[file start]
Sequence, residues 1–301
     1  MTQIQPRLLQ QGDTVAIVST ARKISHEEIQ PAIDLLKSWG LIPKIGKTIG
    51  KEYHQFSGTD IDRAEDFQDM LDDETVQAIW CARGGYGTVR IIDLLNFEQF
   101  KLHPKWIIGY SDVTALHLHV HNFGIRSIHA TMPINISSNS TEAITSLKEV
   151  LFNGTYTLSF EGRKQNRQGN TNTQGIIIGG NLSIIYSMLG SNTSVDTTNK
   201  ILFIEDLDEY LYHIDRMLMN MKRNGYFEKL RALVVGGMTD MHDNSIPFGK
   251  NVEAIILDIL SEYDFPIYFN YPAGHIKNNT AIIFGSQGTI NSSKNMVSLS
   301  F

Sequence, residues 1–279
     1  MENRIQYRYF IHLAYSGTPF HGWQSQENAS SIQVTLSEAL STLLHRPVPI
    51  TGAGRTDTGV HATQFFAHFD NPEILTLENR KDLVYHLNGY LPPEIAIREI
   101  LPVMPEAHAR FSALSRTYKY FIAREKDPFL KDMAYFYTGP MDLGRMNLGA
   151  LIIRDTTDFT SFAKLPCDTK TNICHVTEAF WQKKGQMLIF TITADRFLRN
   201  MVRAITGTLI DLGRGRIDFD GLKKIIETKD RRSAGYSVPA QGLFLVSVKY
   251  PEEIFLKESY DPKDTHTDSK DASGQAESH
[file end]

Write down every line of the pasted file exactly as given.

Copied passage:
Sequence, residues 1–301
     1  MTQIQPRLLQ QGDTVAIVST ARKISHEEIQ PAIDLLKSWG LIPKIGKTIG
    51  KEYHQFSGTD IDRAEDFQDM LDDETVQAIW CARGGYGTVR IIDLLNFEQF
   101  KLHPKWIIGY SDVTALHLHV HNFGIRSIHA TMPINISSNS TEAITSLKEV
   151  LFNGTYTLSF EGRKQNRQGN TNTQGIIIGG NLSIIYSMLG SNTSVDTTNK
   201  ILFIEDLDEY LYHIDRMLMN MKRNGYFEKL RALVVGGMTD MHDNSIPFGK
   251  NVEAIILDIL SEYDFPIYFN YPAGHIKNNT AIIFGSQGTI NSSKNMVSLS
   301  F

Sequence, residues 1–279
     1  MENRIQYRYF IHLAYSGTPF HGWQSQENAS SIQVTLSEAL STLLHRPVPI
    51  TGAGRTDTGV HATQFFAHFD NPEILTLENR KDLVYHLNGY LPPEIAIREI
   101  LPVMPEAHAR FSALSRTYKY FIAREKDPFL KDMAYFYTGP MDLGRMNLGA
   151  LIIRDTTDFT SFAKLPCDTK TNICHVTEAF WQKKGQMLIF TITADRFLRN
   201  MVRAITGTLI DLGRGRIDFD GLKKIIETKD RRSAGYSVPA QGLFLVSVKY
   251  PEEIFLKESY DPKDTHTDSK DASGQAESH